If a drunk driver hits a pedestrian, who is at fault? Alternatively, who is at fault if a driver hits a drunk pedestrian? Some Vision Zero and Complete Streets advocates have started to suggest some of the blame goes to the people who designed the road.
For example, in a recent post, Charles Marohn, president of Strong Towns, a self-described media advocacy organization focused on livable development, analyzes a mix of real-world and hypothetical examples to suggest issues with post-crash analysis, what elements are considered and not considered, and problems he has with the current system of assessing the cause of traffic fatalities.
In the first real-world example, Marohn examines a case where a mother took her daughter and her niece to a library. They left as the library closed, and it was raining. The mother decided to lead her group on the most direct route to her car, crossing a street 300 feet away from a marked, signaled crosswalk. As they crossed the street, a drunk driver hit the trio, killing one of the girls.
Most people and transportation safety professionals would fault the drunk driver. Some might be upset at the mother for not using the nearby crosswalk. Marohn faults neither, instead looking at the way that police currently evaluate crashes, how the public perceives crashes, who they blame in the aftermath, and the way that streets are currently designed, failing to prevent more crashes in the first place.
One of Marohn’s main criticisms is that when drunkenness is involved in a crash, police quickly dismiss other factors, most notably the design of the road, and point to intoxicated driving as the sole cause of a crash. This leads Marohn to pose a hypothetical: What if we also noted the color of clothing drivers wore in crashes? Would we have traffic safety experts saying we should wear blue to avoid traffic accidents, similar to how traffic safety experts say to avoid drinking and driving?
But this is a distraction. Blood alcohol content (BAC) level was a factor in more than 35% of fatal accidents in 2020. There are countless studies documenting the correlation between BAC level and driving ability. Not wearing a seatbelt makes occupants more likely to suffer injury or death in a crash, while a driver wearing a particular blue shirt has zero impact.
Marohn is also concerned about how drunk pedestrians are treated when he believes the blame should be placed on road designers. He found that people tend to blame the pedestrian as soon as their BAC is introduced—0.315 in another scenario Marohn describes, well within the range of alcohol poisoning. He’s right in the sense that, as Reason has long argued, reckless driving and criminal actions should be policed, not alcohol. But in this example, Strong Town’s crash analysis studio noted the driver was inattentive and was going “too fast for conditions.” These factors are noteworthy, which, again, contradicts the implication that these factors are all as arbitrary as shirt color.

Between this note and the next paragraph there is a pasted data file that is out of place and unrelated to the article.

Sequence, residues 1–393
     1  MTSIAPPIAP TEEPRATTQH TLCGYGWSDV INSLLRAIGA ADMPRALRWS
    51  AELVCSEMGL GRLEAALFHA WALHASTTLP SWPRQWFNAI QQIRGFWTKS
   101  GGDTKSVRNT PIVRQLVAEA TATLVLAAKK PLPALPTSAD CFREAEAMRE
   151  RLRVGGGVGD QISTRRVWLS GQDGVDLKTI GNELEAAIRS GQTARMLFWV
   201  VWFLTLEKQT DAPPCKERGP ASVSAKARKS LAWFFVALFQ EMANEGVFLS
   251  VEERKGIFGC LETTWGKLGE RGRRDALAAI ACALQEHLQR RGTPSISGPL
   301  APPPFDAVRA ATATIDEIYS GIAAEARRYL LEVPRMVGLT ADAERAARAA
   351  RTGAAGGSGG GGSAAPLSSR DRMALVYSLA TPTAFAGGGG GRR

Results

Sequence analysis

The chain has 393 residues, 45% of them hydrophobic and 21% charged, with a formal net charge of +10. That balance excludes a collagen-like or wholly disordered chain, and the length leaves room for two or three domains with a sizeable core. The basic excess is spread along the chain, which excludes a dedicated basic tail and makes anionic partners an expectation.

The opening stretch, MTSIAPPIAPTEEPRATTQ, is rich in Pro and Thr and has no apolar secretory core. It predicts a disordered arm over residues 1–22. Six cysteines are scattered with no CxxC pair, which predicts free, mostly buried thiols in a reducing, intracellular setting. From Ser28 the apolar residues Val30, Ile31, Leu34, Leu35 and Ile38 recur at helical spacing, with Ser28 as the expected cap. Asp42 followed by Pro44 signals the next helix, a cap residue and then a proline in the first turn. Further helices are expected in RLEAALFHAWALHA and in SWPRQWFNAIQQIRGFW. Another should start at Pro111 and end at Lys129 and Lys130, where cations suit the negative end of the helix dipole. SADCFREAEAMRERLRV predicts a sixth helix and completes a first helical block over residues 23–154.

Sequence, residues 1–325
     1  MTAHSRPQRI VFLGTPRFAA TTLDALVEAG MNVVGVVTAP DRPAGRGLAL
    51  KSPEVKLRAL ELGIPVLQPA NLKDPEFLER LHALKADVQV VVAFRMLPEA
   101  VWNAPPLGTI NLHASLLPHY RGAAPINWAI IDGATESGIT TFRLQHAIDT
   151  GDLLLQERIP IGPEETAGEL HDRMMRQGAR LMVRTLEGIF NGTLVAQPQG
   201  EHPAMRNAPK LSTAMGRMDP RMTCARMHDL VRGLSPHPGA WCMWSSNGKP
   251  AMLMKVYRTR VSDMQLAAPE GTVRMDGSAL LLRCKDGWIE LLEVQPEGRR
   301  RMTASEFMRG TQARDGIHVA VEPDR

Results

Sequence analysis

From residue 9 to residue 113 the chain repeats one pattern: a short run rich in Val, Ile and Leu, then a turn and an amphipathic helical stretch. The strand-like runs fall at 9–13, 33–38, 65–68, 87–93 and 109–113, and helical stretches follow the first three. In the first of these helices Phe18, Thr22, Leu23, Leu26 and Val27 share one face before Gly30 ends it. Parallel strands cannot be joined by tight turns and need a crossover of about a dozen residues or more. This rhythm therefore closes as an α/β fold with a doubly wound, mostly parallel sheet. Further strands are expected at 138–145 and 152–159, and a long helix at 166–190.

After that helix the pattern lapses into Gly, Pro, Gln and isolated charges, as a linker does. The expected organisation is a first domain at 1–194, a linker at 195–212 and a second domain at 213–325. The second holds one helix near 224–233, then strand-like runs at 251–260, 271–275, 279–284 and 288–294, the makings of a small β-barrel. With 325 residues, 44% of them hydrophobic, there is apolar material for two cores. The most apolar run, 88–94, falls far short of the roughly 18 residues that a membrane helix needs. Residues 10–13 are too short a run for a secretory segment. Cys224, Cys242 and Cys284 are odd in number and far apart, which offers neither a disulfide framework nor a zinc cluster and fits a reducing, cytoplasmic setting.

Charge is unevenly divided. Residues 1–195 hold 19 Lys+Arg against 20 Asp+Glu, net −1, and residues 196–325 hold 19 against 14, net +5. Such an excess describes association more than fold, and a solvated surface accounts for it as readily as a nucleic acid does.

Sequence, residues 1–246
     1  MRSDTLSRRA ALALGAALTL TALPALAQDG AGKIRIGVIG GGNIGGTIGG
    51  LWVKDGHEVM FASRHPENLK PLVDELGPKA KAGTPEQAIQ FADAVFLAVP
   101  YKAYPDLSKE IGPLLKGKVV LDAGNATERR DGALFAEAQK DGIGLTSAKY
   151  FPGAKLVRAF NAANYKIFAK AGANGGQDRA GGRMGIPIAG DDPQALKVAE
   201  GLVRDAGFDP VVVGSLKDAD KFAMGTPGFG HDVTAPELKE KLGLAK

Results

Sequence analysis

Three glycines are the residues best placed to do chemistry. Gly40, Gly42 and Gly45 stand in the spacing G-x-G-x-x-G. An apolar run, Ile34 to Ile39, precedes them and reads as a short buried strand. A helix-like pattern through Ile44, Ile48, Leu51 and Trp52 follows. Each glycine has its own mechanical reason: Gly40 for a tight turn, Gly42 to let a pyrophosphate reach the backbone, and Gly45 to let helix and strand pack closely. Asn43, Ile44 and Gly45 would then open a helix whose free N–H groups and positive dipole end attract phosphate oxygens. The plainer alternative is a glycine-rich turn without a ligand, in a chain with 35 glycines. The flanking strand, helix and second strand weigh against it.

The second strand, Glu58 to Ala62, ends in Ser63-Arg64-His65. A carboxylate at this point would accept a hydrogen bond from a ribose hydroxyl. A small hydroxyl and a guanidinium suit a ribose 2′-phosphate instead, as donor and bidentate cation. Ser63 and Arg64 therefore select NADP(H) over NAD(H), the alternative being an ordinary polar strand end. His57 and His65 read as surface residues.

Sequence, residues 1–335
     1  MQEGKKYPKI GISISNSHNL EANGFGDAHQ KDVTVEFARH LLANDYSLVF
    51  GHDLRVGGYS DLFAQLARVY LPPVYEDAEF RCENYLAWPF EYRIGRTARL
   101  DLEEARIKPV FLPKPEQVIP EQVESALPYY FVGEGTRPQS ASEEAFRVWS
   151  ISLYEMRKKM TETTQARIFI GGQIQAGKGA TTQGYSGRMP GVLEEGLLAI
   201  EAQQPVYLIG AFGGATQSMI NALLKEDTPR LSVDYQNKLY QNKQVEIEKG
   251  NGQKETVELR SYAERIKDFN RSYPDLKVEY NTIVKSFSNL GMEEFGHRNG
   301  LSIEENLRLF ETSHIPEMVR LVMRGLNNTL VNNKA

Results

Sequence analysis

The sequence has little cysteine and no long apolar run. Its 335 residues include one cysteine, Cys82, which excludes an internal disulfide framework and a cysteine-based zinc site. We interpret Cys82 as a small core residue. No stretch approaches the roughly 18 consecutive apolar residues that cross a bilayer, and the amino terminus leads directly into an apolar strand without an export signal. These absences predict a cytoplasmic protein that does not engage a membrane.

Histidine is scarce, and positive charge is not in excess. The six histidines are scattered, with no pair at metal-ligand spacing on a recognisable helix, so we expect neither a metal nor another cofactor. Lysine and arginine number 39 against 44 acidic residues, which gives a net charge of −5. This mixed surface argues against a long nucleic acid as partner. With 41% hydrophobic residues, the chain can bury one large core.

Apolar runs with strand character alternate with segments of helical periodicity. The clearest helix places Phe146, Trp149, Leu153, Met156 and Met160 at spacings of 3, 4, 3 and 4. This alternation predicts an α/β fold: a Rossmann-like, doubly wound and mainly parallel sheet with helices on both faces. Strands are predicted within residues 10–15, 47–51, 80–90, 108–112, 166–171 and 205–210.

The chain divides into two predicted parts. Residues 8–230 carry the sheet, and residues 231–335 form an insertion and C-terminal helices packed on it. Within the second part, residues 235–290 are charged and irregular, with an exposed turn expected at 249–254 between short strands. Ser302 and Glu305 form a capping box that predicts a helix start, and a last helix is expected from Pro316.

In Marohn’s view, roads need to be designed to account for every possible human action, or “messiness” (including drunkenness), as he terms it. This simply isn’t possible. He says highways are safer because they have a set design standard for motorists, notably wider lanes, recovery areas, and, in some places, guardrails to compensate for human error far more than most local roads, which have no ”discerning practices” that seek to handle safety in these areas. Marohn, asks, if highways can plan for human messiness, why can’t local roads?
On his point about highways, he’s partially correct. Highways are safer because, by design, they have no cross streets, only bidirectional traffic being separated by medians and few-to-no pedestrians. Fatal head-ons and t-bone collisions are rare, and rear-end collisions are less likely to be fatal than road accidents where bidirectional traffic is separated only by paint. But Marohn is wrong that the solution is as simple as copying a set standard from highway design and setting a similar solution for local roads. Local roads often have far more variables than a highway, including the direction of oncoming traffic, pedestrian traffic, signage, and more. Overall, there’s far more conflict of direction and mode of transit on local roads than on highways.
Anticipating every possible human error is not possible. If tried, it would lead to over-engineered streets, which Marohn also dislikes. Likewise, trying to reach zero fatalities across every local road system would require nothing short of restricting and redesigning roads to be more similar to padded cells and barring any foot traffic from crossing them. Removal of any conflict of direction from every local road is unrealistic. Personal responsibility has to play a role. Engineers cannot design away all risks or account for everything people will do.
Safer streets are a laudable goal worth pursuing, but engineers are not designing streets with the intention of them being unsafe. While roadways aren’t perfect, drivers and pedestrians are responsible when they violate the rules of the road and cause an accident. There are certainly improvements that can be made to statistically dangerous roadways, but efforts to deflect blame from drunk drivers and drunk pedestrians don’t advance the traffic safety discussion.